The strike by the health staff is among a string of industrial actions in the UK this winter, including agitations by rail and postal workers; airports are also bracing for disruption over Christmas.
Nurses across the UK are staging an unprecedented strike as a "last resort" in their fight for better wages and working conditions, despite warnings it could put patients at risk.
Up to 100,000 members of the Royal College of Nursing (RCN) in England, Wales and Northern Ireland are holding the day-long stoppage from 0800 to 2000 GMT on Thursday after rejecting a government pay offer.
The strike at 76 hospitals and health centres would impact thousands of non-urgent operations, including tens of thousands of outpatient appointments in Britain's state-funded National Health Service (NHS).
"We have not chosen industrial action lightly," said Ameera, a senior nurse in London who gave only her first name.
The strike is the first in the Royal College of Nursing union's 106-year history.
"We need a pay rise now to make a living," added the nurse, who asked that her last name not be reported.
Britain is facing a wave of industrial action this winter, with strikes crippling the rail network and postal service and airports bracing for disruption over Christmas.
Of all the strikes, though, the sight of nurses on picket lines will be the stand-out image for many Britons this winter.
Union leaders and health workers also said nurses were being overworked due to staff shortages, as the NHS battled a backlog in appointments made worse by cancellations during the pandemic.
Chemotherapy, dialysis, intensive care and high-dependency units, as well as neonatal and paediatric intensive care, will be protected.
“The NHS is in a crisis, the nursing profession can’t take any more, our loved ones – your parents, children, friends and relatives – are the ones at stake here."— The RCN (@theRCN) December 14, 2022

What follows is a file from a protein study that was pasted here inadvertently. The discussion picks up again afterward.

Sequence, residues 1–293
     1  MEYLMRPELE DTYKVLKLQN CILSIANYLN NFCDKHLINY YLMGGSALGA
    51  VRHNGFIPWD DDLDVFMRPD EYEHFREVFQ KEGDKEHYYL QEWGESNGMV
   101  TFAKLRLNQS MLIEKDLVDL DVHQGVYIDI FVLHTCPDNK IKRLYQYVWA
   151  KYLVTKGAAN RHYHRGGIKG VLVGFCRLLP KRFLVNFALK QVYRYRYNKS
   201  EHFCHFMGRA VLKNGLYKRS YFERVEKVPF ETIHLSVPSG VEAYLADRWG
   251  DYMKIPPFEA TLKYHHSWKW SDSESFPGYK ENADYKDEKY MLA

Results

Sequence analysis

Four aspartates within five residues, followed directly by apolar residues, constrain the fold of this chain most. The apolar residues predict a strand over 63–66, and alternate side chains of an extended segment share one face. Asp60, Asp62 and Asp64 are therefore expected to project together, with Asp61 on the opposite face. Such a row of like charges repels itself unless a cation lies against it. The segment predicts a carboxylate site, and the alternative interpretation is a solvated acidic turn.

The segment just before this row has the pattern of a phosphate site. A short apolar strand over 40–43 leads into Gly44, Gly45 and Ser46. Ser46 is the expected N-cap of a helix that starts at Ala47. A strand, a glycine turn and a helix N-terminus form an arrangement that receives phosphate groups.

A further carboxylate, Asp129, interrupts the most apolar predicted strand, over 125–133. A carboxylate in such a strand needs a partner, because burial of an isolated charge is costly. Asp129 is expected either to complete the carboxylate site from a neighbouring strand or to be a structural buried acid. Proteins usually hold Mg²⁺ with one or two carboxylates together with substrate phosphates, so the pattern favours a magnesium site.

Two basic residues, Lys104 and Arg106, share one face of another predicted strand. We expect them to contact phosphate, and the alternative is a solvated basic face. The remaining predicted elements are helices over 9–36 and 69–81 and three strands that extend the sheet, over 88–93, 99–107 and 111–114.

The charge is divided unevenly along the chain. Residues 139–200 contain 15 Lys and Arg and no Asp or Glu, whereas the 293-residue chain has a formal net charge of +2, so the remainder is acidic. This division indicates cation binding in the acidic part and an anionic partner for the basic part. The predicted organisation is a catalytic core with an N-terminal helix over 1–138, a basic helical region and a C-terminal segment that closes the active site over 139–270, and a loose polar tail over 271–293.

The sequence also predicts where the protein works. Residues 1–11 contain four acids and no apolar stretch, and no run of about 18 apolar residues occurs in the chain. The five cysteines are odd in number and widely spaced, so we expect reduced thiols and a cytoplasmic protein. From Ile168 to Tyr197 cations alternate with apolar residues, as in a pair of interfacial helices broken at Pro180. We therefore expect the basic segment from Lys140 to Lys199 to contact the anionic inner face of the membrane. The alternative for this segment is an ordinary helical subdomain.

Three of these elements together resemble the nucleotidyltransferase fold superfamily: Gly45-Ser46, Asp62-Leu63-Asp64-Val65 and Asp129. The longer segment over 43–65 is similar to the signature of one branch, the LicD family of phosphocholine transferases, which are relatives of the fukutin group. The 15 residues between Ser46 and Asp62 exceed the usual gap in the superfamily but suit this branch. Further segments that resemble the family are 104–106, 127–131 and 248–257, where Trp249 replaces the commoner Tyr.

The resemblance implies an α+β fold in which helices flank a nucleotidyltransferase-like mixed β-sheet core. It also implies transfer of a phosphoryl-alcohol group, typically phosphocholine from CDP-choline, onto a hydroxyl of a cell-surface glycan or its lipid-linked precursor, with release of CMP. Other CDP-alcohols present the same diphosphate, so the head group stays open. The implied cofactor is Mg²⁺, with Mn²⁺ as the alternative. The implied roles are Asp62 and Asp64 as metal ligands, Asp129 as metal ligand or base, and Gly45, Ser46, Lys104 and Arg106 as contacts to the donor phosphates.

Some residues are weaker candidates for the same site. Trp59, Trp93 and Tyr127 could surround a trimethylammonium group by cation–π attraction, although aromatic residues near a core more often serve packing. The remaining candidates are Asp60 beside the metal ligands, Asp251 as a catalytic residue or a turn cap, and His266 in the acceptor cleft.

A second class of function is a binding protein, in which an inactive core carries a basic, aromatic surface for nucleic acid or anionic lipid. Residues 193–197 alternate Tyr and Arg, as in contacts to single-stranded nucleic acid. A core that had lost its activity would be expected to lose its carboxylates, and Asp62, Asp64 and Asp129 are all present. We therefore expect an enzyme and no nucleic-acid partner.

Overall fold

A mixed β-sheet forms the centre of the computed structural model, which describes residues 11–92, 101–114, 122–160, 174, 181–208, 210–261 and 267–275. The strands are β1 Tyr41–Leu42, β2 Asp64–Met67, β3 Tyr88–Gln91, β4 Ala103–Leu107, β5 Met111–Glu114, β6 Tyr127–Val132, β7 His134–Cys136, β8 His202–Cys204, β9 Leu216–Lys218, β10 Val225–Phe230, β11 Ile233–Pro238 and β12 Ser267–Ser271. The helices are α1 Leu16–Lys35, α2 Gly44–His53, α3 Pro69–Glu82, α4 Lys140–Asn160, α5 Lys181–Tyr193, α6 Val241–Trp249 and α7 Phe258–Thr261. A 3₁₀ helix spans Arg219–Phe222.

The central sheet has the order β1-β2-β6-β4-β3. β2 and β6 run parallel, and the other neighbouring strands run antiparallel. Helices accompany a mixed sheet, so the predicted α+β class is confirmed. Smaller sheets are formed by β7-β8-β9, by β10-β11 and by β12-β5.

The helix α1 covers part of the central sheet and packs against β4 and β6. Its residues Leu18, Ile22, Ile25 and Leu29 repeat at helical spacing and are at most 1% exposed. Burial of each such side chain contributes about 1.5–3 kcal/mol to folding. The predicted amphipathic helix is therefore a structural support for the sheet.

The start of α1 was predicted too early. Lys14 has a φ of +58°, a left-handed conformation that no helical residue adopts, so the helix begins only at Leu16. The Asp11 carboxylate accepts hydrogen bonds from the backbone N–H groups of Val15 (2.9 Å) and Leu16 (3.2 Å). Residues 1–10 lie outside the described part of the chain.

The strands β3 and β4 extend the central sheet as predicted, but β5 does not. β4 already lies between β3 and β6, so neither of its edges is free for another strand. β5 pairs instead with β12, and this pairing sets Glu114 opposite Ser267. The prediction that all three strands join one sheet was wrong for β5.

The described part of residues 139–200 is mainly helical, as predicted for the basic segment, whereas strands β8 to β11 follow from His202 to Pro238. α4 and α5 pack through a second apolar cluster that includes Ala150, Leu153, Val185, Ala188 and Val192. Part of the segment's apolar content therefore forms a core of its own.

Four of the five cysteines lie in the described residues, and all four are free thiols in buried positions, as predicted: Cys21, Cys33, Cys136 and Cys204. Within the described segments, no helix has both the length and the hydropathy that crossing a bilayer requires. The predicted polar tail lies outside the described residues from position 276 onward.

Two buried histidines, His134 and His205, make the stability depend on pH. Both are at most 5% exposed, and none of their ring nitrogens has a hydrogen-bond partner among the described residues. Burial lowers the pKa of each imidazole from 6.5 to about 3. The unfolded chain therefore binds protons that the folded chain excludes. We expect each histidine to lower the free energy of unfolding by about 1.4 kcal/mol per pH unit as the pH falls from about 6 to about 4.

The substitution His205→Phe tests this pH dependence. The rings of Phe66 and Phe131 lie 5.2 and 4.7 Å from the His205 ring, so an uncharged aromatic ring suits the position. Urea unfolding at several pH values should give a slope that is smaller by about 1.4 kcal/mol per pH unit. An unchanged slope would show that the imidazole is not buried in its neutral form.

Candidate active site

On the eve of the first #RCNStrike, @patcullen9 sets out why this action is the only option.#FairPayForNursing pic.twitter.com/CBnwmcDTWr
Care levels could suffer
But other services will be reduced to Christmas staffing levels during the walkout, the RCN said.
Health chiefs warned unions that care levels could suffer because of the walkout, just as seasonal respiratory conditions such as flu add pressure on already stretched services.
Cally Palmer, national cancer director for England, called on the union to exempt cancer surgery from the walkout, while England's chief nursing officer expressed concern over the strike staffing plans.
Healthcare unions say their members are skipping meals, struggling to feed and clothe their families, and leaving the NHS in droves.
Successive below-inflation awards since 2010 have left experienced nurses worse off by 20 percent in real terms, they say.
'Badge of shame'
The RCN wants a pay rise significantly above inflation which surged to a 41-year high of 11.1 percent in October, falling slightly to 10.7 percent last month.
The government maintains the demands are unaffordable, and Health Secretary Steve Barclay called the strikes "deeply regrettable".
RCN general secretary Pat Cullen has offered to "press pause" on the strikes if Barclay agrees to talks.
The main opposition Labour party leader Keir Starmer called the strike a "badge of shame" for the ruling Conservative government.
READ MORE: Nurses across UK join other striking staff in two December walkouts